Developed after two years of collaborative research between Coty scientists, production partners and carbon recycling major LanzaTech, the high-purity sustainable ethanol was made from recycled carbon; sourced and purified from industrial carbon emissions. This offered Coty a near-zero water alternative and reduced the need for agricultural land – two aspects typically associated with traditional and current sources of ethanol from sugar cane and sugar beet.
The beauty major said the goal was to integrate the sustainable ethanol alternative into most of its fragrance portfolio by 2023, which included luxury brands like Gucci, Burberry, Chloe and Hugo Boss – a goal it was now ahead of given production had started at its Spain manufacturing facility. The first Coty fragrances made using the new ethanol would reach stores in the coming months, the company said, though which brands would run first had yet to be disclosed.
‘Ground-breaking sustainability’ that targets ‘clean and green’ ambitions
“Coty’s accelerated release of fragrances made using carbon-captured ethanol represents the ground-breaking sustainability progress that I joined Coty to lead,” said Dr Shimei Fan, Coty’s newly appointed chief scientific officer.
“This exciting step forward in Coty’s sustainability journey demonstrates our ability to meet and exceed the ambitious clean and green roadmaps we have set for the future,” Fan said.
Using the carbon-captured ethanol, trade named CarbonSmart and sourced from waste carbon monoxide gases produced by heavy industries such as steel mills and oil refineries, not only limited Coty’s impact on biodiversity but also lowered total carbon emissions related to fragrance production. This, Fan said, aligned with wider goals under Coty’s Beauty That Lasts sustainability strategy which, among other things, committed to slashing total carbon emissions across Coty’s value chain by 30% by 2030.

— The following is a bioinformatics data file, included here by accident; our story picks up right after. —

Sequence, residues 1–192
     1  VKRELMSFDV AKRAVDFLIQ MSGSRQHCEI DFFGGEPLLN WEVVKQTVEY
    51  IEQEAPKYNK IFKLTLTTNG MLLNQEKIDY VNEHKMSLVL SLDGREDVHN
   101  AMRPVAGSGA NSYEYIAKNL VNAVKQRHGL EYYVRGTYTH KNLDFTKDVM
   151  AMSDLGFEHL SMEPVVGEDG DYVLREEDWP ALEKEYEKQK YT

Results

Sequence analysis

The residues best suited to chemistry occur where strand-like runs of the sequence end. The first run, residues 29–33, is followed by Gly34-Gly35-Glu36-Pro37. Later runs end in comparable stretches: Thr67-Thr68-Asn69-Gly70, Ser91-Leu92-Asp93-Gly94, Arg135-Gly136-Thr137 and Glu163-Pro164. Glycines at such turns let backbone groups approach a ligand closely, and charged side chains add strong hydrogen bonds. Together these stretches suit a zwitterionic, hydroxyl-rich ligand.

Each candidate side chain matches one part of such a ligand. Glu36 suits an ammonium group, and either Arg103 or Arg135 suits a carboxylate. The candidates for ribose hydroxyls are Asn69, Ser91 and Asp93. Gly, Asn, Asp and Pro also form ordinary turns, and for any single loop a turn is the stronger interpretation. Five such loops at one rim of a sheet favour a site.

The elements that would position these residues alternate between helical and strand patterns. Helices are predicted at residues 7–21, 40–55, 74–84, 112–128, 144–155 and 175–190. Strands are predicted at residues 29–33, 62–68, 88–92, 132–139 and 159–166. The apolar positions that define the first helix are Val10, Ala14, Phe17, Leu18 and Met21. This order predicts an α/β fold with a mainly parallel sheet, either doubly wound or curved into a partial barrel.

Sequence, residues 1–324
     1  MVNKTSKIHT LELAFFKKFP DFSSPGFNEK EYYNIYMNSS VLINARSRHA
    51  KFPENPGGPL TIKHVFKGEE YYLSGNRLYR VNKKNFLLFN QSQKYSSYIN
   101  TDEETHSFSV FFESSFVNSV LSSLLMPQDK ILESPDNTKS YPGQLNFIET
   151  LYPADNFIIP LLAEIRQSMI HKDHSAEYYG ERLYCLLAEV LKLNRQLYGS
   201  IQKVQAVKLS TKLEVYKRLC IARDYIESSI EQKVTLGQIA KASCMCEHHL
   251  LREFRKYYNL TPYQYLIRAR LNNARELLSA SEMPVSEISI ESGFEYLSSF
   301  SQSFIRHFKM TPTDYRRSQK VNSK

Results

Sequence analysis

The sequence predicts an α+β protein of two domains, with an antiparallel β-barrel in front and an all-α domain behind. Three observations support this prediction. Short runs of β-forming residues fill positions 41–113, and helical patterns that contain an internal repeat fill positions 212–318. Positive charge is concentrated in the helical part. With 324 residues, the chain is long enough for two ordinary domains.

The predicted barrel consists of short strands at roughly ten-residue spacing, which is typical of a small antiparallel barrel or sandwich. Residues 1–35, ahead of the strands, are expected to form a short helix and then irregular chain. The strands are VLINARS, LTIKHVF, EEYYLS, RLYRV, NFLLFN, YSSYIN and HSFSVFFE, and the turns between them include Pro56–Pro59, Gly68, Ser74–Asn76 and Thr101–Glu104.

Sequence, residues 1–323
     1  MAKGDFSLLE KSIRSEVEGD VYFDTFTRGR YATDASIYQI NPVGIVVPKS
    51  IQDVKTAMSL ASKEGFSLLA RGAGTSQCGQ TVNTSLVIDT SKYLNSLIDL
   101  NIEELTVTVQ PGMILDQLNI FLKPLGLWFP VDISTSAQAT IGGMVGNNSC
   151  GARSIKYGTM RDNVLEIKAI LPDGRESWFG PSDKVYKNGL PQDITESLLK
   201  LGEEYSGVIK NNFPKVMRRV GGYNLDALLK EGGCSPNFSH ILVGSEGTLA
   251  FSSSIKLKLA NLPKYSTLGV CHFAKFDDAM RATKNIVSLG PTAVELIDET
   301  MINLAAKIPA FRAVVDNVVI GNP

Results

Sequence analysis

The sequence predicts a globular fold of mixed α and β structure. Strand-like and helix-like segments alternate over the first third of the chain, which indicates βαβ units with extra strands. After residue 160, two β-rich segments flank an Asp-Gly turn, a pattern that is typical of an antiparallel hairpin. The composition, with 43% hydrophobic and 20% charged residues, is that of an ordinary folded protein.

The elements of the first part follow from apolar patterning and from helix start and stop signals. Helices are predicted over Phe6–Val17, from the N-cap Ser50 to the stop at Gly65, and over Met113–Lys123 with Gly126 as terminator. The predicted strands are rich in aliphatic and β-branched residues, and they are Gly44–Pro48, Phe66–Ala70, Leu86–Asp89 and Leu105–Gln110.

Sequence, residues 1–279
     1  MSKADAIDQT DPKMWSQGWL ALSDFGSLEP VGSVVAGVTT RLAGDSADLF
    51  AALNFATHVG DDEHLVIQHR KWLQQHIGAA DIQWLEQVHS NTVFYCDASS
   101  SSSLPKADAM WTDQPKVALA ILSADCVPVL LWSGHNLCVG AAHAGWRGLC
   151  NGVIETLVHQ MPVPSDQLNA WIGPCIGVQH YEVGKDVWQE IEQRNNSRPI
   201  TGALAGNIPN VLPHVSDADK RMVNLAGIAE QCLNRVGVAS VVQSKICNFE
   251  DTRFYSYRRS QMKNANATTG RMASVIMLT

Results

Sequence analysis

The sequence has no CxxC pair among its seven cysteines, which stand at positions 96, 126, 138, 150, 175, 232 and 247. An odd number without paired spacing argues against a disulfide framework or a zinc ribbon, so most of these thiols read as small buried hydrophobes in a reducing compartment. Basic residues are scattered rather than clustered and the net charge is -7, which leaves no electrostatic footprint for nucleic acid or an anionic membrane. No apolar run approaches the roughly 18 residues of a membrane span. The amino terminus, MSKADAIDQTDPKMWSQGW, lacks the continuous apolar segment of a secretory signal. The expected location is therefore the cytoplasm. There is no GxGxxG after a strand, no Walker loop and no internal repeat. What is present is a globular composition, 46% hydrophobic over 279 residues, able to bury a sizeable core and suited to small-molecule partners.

Sue Y. Nabi, CEO of Coty, previously said the partnership with LanzaTech was a critical one for the future. “It’s not only the right thing to do, but it makes commercial sense too – with today’s consumer rightly demanding that their favourite brands share their commitment to sustainability,” Nabi said.
Carbon capture ‘absolutely’ the future for beauty
Jennifer Holmgren, CEO of LanzaTech, said the carbon recycling firm was proud to have made the first delivery of carbon captured ethanol to Coty ahead of schedule and was excited to watch as global distribution of fragrances using the technology rolled out, offering consumers an important choice.
In July, last year, Holmgren spoke to our sister site CosmeticsDesign in an exclusive podcast about exactly what level of opportunity carbon capture technology offered beauty manufacturers and brands that were working towards more sustainable and circular business models.
Beyond its Coty partnership, LanzaTech was also working with fellow international major L’Oréal to develop a plastic bottle made with polyethylene from captured and recycled carbon emissions – a project also involving energy giant Total. The bottle was primed for a commercial roll out in 2024.